Noel Woodworth running the Edac in Prince Rupert harbour in 1999 (Lonnie Wishart Photo).

I still remember the first time I saw Edac, down at the Prince Rupert Rowing & Yacht Club in about 1995. At that time Rob Morris was editor of Westcoast Mariner, and he and I used to talk about her quite often. We both have a real soft spot for classic pleasure boats, and, having been launched here by noted Japanese boatbuilders the Suga Brothers in 1914, the Edac certainly fit that bill.

I came to know Edac’s owners, Noel and Alberta Woodworth, quite well as regulars at the chowder sessions we used to hold at Sabre Marine. In fact, we ended up displaying the Edac and Charlie Currie’s 1929 tug CRC together down at the lightering dock for Heritage Week in February 1999. Noel said he was writing a book, and since he’d published more than one story I always thought that there was good chance of him finishing it. As his health failed I assumed that was the end of that. I was wrong.

Alberta finished the book after Noel died in 2006, and it was released this year as Edac: 80 Years Cruising the North Coast of British Columbia. And it’s a real treat. Part travelogue and part biography of a place and a classic boat, it follows the tradition of The Curve of Time, Upcoast Summers, Three’s a Crew, or Seven-Knot Summers. Yet, like Iain Lawrence in Sea Stories of the Inside Passage, Noel has provided a special treat by focusing on northern BC waters.

Edac was launched for Drs. Kergin and McRae as Kermac, and renamed when she was sold to Dr. Cade in 1919. The vessel passed through a few other hands before Noel and Alberta bought her for a thousand dollars on Valentine’s Day 1966.

The book is a series of vignettes, really, a collection of treasured memories. Some are gathered by topic, such as fishing, wildlife sightings, beachcombing, or favourite cruising grounds. Adventures and mishaps are recounted through fine writing and delightful, self-depreciating humour.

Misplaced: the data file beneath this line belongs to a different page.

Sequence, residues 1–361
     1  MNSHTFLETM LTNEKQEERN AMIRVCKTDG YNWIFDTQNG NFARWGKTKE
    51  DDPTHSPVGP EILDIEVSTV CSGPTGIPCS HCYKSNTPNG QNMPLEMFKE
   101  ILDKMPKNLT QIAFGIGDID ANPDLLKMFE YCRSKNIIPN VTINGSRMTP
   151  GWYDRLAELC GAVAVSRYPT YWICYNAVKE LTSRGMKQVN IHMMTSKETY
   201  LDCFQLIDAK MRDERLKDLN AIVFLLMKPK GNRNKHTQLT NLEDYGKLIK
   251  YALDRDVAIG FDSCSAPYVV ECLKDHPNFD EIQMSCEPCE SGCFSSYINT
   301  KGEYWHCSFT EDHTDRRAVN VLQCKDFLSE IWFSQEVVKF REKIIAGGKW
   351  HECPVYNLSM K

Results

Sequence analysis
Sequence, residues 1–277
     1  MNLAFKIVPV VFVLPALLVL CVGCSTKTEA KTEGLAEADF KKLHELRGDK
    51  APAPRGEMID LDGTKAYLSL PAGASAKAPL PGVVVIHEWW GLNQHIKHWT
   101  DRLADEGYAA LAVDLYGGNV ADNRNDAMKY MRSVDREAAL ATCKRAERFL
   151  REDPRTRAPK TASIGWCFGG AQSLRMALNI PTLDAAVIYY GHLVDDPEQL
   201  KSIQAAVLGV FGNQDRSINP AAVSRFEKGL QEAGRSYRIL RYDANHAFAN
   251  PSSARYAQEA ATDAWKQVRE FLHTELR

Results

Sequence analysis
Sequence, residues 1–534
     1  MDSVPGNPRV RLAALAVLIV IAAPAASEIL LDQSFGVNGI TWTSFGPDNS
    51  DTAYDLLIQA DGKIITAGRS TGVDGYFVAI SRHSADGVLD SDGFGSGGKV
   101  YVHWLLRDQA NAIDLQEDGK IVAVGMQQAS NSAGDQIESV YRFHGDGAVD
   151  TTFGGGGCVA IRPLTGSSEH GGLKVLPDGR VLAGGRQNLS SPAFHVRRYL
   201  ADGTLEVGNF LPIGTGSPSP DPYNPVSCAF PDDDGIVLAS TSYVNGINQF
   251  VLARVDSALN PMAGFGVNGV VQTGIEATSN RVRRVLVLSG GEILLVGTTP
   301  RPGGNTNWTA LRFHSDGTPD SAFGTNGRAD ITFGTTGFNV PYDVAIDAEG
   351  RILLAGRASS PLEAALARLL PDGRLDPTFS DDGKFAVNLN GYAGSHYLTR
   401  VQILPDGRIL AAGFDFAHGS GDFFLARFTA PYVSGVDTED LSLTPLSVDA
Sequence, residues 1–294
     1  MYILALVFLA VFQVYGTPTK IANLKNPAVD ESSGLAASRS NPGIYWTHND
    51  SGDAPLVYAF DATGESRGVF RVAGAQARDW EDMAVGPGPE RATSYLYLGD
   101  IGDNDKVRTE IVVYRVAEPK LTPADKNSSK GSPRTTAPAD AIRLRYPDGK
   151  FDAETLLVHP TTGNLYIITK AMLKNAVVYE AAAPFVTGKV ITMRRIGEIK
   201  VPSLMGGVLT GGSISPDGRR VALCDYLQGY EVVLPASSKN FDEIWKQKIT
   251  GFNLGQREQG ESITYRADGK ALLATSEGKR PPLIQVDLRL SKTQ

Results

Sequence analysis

Noel wrote his story in the mid-1990s, while Edac was still tied up at the Yacht Club and Charlie Currie still brought a big pot of clam chowder down to Sabre Marine each week, so in the book we avoid the sad ending – the passing of Noel, and longtime friends Bill and Paddy Elkins who shared so many of Edac’s adventures, and the dismantling of the ruined old Edac herself at the Cowichan Bay Wooden Boat Society nearly a decade ago. Instead the story is one of continuing adventure, somehow frozen in a world of endless summers.

Noel did not intentionally write about himself. Yet his character, and Noel and Alberta’s deep love of Edac and the times they had with her, come through with crystal clarity.

“We loved this cruising as nothing before in our lives,” he wrote. “We enjoyed beachcombing on beautiful beaches where few human footsteps are seen each year, walking the low rocky tidal areas where nature’s undersea beauty is exposed, seeing the endless wild flowers of the seaside and the tortured trees that grow according to the winter winds. It was always thrilling to see the ever-changing seas of waves and swells and currents, of calm and of anger, but always of beauty. It also brought us many friends and introduced us to a way of life we would sorely miss if we had to leave it. Thirty years later we are still enjoying it.”

I hope that Edac: 80 Years Cruising the North Coast of British Columbia joins its storied predecessors, The Curve of Time and the others, as a classic tale of cruising the BC coast. It has certainly earned that place on my shelf.

(First published in The Northern View, July 27, 2011.)

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Bruce Wishart
Whimsies. Sometimes about writing.
Sometimes about folklore. Sometimes
about the sea, or life on the coast.
And sometimes not.